By Assemblyman Warren Petryk
Last session, my colleagues and I, led by Assemblyman John Nygren, passed several bills combating Wisconsin growing heroin problem. These bills focused on additional funding for treatment facilities, punishment for those who violate their probation or parole, and immunity for anyone who helps a victim of an overdose seek medical help.
The abuse of prescription drugs has been shown to be a gateway for heroin use and addiction. In Wisconsin, drug overdoses have doubled since 2004 and sadly have surpassed traffic deaths in 2008. Another staggering statistic shows that in 2013, more Wisconsin residents have died from drug abuse than from suicide, breast cancer, colon cancer, firearms, influenza, or HIV. Clearly this illustrates how important getting this issue under control through good legislation is.
This session, the Legislature will once again be discussing legislation as part of the HOPE (Heroin, Opiate Prevention and Education) legislative agenda to help keep Wisconsin residents from potentially dangerous access to prescription medications that can be easily abused and lead to much more serious drug addiction issues like heroin use. On Tuesday, Assemblyman John Nygren unveiled several new bills for this session aimed at combating this important issue.
Prescription Drug Monitoring Program (PDMP)
This legislation would require those who dispense monitored prescription drugs to submit information to the PDMP. Also, it will require a practitioner to review a patient’s record when initially prescribing a monitored prescription drug or providing a refill. This legislation will give law enforcement and District Attorneys the ability to ask for PDMP records through DSPS if it is part of an active investigation.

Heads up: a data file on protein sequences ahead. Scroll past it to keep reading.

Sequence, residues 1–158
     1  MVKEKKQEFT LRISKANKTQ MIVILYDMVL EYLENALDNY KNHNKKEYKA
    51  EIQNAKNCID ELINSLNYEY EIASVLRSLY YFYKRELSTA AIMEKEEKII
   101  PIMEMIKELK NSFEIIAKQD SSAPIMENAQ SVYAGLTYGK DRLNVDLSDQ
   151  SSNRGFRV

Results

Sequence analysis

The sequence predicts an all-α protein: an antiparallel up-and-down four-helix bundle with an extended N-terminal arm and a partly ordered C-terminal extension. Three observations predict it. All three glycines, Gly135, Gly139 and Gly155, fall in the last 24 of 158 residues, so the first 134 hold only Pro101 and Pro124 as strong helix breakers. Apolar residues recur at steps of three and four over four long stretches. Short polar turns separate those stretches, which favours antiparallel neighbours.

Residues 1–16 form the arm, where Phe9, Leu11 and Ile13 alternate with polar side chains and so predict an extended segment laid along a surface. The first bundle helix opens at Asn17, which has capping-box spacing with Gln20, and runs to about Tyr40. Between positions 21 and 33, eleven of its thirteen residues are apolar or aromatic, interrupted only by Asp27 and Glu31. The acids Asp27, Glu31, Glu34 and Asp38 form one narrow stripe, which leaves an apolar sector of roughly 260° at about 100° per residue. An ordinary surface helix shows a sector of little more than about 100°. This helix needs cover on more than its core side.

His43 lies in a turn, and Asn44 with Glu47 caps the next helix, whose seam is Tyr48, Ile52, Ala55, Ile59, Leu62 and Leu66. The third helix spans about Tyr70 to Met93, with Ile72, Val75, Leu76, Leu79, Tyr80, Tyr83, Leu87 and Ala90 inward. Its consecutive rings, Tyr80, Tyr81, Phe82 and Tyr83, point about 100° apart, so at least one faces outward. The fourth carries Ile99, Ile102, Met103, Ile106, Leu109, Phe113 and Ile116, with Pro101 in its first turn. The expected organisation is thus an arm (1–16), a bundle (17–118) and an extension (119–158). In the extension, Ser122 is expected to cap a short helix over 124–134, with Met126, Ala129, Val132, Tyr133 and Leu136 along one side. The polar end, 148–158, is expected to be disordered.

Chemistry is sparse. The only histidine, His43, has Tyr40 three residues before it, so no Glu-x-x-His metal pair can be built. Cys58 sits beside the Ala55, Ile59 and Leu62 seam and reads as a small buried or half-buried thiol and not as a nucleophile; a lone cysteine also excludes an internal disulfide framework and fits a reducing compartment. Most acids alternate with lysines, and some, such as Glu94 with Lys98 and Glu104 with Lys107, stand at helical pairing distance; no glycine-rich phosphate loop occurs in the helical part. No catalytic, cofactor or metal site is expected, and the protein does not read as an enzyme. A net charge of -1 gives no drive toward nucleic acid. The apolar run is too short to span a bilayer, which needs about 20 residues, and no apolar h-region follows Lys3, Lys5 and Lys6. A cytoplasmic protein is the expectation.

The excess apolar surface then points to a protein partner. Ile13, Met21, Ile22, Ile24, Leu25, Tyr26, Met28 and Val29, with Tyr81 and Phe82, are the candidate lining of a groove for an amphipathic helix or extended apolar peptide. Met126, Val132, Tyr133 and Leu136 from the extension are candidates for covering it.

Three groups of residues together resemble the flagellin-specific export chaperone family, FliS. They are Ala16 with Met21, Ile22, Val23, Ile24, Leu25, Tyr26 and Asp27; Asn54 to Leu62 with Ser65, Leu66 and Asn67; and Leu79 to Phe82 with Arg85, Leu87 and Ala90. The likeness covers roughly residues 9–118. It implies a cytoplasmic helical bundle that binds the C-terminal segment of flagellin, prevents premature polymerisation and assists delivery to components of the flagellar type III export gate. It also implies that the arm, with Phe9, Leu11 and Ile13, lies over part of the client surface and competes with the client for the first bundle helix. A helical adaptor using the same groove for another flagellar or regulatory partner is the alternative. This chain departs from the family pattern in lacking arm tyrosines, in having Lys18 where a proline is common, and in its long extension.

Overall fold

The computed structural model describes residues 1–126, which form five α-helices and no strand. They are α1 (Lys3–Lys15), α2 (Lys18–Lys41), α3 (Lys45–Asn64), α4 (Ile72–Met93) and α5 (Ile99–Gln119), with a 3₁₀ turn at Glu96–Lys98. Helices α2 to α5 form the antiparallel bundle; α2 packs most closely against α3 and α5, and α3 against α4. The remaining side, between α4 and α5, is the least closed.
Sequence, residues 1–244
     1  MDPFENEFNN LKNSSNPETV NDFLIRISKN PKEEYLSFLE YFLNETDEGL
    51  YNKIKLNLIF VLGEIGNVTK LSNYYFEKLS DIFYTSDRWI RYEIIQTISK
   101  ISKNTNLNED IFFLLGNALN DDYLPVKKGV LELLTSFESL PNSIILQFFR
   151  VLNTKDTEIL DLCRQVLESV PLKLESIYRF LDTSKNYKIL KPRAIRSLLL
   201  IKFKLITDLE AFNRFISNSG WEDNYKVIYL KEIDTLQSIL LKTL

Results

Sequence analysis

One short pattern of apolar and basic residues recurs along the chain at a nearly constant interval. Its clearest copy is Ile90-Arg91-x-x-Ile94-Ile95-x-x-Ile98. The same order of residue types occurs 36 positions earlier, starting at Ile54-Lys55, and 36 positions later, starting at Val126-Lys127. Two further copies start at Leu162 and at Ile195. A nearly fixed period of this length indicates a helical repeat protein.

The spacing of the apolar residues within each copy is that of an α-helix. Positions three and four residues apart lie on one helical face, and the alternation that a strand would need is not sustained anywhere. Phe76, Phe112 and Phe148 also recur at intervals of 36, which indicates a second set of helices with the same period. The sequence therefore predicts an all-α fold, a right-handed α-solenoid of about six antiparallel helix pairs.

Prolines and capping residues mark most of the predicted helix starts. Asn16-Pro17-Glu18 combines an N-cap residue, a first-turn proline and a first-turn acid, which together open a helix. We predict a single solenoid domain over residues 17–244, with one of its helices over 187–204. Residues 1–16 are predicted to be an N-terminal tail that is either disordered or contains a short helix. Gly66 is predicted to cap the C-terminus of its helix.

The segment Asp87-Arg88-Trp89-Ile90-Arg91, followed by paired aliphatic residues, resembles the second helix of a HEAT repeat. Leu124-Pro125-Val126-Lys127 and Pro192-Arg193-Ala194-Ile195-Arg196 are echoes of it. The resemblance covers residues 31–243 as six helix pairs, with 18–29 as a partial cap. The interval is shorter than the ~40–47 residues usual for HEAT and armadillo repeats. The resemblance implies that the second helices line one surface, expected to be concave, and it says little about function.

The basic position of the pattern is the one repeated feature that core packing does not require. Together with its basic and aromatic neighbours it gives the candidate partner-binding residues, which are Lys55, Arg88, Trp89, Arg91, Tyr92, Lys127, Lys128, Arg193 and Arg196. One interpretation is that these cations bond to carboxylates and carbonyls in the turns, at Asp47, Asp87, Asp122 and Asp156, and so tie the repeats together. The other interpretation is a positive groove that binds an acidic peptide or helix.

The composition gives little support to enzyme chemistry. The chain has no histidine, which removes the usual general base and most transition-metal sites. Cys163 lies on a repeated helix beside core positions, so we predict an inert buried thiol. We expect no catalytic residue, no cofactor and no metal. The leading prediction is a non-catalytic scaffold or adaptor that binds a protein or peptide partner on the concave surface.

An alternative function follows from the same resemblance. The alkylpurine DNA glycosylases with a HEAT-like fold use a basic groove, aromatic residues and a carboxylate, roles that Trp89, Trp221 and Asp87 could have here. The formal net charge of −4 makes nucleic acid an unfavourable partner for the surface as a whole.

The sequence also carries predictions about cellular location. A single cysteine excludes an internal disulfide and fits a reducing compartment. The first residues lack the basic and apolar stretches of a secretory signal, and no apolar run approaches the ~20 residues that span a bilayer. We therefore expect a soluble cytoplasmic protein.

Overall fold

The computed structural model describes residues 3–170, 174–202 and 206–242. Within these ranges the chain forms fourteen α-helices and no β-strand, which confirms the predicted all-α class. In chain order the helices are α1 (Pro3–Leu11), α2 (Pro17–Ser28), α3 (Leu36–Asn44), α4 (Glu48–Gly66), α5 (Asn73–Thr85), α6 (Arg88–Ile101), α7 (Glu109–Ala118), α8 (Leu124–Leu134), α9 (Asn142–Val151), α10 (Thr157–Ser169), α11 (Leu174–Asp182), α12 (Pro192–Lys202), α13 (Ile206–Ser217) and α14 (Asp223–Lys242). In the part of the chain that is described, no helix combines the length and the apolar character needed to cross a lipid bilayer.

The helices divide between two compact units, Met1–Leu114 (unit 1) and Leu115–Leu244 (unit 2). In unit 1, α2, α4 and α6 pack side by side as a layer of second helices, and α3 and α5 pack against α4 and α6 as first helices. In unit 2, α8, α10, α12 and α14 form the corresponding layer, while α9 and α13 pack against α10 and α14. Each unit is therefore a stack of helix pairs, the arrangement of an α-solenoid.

Prescription Drug Monitoring Program (PDMP) – law enforcement reporting to a prescribing physician and the PDMP when prescribed drugs are found on the scene
When a law enforcement officer is a the scene of a crime involving a controlled substance, if a prescription medication container is found the officer must report to the prescribing physician and the PDMP that the medication container was found at the scene.
Pain Clinic Registry
In several other states “pill mills” have been unfortunately popping up. These pill mills are the result of pain management clinics selling prescriptions to patients who have medical need for the medications. This bill would give the Department of Health Services oversight of pain management clinics across the state. The Department’s oversight would not be regulatory but rather a way of providing safeguards so “pill mills” do not become an issue in Wisconsin.
Methadone Clinic Registry
This legislation would require methadone clinics gather the following data:
· Staffing ratio
· Number of patients receiving behavioral health services
· Relapse rate
· What the clinics plan for tapering an individual off of methadone if any
· Average mileage an individual is traveling to come to a clinic
The data collected would then be reported to the Department of Health Services on an annual basis to give public health and treatment professionals a chance to analyze outcome data.